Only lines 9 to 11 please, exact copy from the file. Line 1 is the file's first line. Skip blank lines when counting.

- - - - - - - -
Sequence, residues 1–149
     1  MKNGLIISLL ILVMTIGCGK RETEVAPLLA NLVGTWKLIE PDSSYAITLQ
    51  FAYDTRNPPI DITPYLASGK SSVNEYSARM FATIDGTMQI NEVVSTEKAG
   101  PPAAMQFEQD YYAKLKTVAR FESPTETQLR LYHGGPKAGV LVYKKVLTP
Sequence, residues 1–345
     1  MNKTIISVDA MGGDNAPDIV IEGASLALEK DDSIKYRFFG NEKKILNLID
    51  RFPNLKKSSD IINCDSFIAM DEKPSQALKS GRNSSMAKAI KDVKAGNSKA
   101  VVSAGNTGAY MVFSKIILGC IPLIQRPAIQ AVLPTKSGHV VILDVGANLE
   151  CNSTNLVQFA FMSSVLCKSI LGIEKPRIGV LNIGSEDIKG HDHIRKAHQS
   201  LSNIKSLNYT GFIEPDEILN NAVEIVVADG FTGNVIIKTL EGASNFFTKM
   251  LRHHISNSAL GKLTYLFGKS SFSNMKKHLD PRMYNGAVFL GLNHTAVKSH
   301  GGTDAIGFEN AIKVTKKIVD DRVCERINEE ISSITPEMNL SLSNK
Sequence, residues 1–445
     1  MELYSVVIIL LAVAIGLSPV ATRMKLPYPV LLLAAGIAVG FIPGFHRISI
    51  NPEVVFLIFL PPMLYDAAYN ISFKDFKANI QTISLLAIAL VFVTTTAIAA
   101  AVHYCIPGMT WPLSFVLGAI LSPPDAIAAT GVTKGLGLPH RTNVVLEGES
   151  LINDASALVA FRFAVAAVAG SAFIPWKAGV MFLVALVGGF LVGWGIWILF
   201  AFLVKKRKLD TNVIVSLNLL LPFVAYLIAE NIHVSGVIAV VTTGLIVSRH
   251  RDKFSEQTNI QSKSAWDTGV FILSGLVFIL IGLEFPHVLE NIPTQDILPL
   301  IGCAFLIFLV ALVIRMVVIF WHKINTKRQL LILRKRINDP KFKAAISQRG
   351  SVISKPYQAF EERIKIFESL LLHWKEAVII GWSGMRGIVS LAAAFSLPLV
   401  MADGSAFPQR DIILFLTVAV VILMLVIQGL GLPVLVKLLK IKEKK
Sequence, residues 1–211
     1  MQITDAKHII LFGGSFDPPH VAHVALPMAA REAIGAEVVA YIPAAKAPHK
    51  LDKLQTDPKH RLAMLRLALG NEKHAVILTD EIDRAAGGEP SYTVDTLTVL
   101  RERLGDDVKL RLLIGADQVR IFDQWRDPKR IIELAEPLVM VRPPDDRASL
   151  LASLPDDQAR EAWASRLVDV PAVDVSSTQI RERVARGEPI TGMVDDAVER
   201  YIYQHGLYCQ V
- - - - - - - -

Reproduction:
   151  CNSTNLVQFA FMSSVLCKSI LGIEKPRIGV LNIGSEDIKG HDHIRKAHQS
   201  LSNIKSLNYT GFIEPDEILN NAVEIVVADG FTGNVIIKTL EGASNFFTKM
   251  LRHHISNSAL GKLTYLFGKS SFSNMKKHLD PRMYNGAVFL GLNHTAVKSH